How to map a room using only a sound

June 19, 2013

Mapping the Lausanne Cathedral (credit: LCAV/EPFL)

An algorithm developed in EPFL’s School of Computer and Communications Sciences makes it possible to measure the dimensions and shapes of a room using just four microphones and a snap of your fingers.

“Our software can build a 3D map of a simple, convex room with a precision of a few millimeters,” explains PhD student Ivan Dokmanić.

Blind people sometimes develop the amazing ability to perceive the contours of the room they’re in based only on auditory information. Bats and dolphins use the same echolocation technique for navigating in their environment.

The microphones actually don’t need to be carefully placed. “Each microphone picks up the direct sound from the source, as well as the echoes arriving from various walls,” said Dokmanić. “The algorithm then compares the signal from each microphone. The infinitesimal lags that appear in the signals are used to calculate the distance between the microphones and the distance from each microphone to the walls and the sound source.”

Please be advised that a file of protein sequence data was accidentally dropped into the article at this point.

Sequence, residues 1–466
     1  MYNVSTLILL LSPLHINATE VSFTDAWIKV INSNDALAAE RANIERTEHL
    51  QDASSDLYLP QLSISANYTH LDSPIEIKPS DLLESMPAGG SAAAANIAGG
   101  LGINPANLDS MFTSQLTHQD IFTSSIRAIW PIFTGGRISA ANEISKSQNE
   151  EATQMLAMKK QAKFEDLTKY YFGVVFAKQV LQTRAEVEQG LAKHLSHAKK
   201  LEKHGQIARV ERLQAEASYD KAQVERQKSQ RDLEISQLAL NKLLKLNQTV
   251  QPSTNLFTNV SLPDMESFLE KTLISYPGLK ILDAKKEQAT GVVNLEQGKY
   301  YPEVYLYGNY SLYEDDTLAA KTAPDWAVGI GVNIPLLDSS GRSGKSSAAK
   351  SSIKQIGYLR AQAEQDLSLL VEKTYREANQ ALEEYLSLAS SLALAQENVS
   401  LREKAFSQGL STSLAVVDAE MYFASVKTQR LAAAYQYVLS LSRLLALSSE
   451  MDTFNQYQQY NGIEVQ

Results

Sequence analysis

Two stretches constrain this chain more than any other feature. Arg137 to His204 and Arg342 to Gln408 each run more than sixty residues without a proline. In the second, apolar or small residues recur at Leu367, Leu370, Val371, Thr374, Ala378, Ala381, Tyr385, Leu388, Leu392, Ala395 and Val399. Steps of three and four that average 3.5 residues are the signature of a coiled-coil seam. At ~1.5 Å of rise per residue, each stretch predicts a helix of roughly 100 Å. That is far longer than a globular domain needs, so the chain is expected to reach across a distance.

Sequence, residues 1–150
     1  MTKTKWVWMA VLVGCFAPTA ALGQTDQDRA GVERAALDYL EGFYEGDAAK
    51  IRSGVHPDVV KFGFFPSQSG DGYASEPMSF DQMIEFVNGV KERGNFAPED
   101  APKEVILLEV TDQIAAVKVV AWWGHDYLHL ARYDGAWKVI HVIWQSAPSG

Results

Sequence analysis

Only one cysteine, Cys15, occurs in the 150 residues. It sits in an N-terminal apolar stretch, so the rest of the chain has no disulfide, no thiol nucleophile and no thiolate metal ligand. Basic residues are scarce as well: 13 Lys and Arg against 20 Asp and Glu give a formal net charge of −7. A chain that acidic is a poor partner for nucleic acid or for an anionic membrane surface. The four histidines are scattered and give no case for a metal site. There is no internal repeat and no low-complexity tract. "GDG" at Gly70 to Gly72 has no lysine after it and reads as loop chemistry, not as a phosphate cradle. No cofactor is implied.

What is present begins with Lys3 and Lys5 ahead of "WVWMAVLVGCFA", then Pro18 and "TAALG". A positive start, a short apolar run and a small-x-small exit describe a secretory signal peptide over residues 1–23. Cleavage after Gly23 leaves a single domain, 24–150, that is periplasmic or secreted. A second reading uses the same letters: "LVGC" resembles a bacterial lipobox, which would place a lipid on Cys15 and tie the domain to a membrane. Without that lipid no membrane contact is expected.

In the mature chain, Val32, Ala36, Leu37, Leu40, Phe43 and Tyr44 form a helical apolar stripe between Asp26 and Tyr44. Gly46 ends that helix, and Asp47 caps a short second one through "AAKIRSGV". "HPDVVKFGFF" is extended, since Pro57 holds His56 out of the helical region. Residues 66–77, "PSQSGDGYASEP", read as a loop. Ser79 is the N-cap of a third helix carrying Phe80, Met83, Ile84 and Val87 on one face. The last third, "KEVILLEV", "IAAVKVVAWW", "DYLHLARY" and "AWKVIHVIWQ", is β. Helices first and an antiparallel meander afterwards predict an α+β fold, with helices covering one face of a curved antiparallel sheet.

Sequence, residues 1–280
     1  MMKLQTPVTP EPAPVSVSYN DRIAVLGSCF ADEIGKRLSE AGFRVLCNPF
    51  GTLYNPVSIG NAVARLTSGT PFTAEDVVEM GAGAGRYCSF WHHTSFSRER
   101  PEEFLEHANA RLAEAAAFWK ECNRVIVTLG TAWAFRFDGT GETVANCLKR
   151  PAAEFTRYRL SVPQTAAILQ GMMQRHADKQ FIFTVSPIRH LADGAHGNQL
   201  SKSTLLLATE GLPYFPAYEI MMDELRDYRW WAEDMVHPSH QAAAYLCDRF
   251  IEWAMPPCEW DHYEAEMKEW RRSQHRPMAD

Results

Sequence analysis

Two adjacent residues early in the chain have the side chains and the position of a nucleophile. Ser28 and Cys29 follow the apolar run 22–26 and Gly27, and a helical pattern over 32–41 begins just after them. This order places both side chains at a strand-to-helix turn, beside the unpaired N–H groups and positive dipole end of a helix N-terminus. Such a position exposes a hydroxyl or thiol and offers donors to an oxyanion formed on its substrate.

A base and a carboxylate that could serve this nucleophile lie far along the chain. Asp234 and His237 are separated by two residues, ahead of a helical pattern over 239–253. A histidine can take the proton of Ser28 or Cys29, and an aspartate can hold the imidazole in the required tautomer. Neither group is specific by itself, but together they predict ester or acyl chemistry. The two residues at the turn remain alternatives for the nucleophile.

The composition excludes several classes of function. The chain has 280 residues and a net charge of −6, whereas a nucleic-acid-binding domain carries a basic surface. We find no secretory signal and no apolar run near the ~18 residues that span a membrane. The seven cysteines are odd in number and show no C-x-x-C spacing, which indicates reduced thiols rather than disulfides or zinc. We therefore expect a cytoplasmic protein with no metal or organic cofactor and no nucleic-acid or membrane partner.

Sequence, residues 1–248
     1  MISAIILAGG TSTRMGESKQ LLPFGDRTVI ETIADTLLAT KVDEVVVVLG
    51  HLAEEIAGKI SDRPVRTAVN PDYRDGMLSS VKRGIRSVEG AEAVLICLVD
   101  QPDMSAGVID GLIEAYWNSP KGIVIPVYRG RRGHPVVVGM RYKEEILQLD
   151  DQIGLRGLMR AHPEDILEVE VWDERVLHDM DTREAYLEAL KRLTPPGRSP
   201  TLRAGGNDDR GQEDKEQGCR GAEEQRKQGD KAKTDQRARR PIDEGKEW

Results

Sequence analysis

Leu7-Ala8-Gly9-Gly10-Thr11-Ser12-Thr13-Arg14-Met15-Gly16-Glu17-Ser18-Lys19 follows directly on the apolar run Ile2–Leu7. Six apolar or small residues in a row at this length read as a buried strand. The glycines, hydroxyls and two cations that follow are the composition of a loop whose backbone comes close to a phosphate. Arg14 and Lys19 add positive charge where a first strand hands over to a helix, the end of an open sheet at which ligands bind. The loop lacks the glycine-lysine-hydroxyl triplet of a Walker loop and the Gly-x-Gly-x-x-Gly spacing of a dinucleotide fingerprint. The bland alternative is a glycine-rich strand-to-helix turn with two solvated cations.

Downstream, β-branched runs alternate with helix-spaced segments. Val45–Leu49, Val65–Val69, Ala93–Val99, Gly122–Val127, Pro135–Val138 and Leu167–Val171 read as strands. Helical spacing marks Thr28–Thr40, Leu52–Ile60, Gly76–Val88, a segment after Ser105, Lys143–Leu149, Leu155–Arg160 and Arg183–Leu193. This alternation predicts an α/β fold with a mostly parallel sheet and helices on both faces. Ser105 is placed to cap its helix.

This ability to “sort out” the various echoes picked up by the microphones is in itself a first. By analyzing each echo’s signal using “Euclidean distance matrices,” the system can tell whether the echo is rebounding for the first or second time, and determine the unique “signature” of each of the walls.

Architects could use this to design rooms — for example concert halls or auditoriums — based upon the specific acoustics they would like to create.

Analyzing a telephone call from a person who is moving around a room could allow investigators to identify where in the room the person is calling from, or even what objects are in the room..